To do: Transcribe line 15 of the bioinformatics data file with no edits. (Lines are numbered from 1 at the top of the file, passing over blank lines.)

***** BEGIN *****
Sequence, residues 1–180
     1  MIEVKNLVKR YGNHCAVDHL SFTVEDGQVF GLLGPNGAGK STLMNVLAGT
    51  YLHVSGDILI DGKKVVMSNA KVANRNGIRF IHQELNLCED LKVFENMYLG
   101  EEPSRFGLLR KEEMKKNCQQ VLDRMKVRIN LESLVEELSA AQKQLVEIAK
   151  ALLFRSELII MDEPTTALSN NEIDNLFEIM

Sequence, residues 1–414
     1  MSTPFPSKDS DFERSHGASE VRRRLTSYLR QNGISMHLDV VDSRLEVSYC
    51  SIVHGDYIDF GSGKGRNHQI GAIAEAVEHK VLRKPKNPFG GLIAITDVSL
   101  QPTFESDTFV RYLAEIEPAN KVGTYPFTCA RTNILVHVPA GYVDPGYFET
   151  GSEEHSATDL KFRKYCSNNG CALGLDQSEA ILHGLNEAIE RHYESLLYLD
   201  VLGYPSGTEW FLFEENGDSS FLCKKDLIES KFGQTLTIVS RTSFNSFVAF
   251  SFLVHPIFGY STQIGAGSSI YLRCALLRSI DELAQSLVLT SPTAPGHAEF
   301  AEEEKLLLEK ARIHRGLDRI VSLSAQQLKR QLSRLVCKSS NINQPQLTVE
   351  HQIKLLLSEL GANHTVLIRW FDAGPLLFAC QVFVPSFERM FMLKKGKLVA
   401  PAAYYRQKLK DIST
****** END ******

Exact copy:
   401  PAAYYRQKLK DIST